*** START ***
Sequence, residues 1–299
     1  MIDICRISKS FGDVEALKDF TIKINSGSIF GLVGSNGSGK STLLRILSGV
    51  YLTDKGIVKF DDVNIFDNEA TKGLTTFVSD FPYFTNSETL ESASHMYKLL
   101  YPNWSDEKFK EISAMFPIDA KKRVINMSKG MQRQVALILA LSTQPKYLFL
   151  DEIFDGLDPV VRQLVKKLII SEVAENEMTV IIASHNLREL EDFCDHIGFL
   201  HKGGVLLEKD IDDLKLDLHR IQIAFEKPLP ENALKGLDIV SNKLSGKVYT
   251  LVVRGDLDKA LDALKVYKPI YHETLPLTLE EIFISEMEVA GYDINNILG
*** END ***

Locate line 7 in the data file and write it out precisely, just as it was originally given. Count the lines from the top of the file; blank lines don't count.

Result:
   251  LVVRGDLDKA LDALKVYKPI YHETLPLTLE EIFISEMEVA GYDINNILG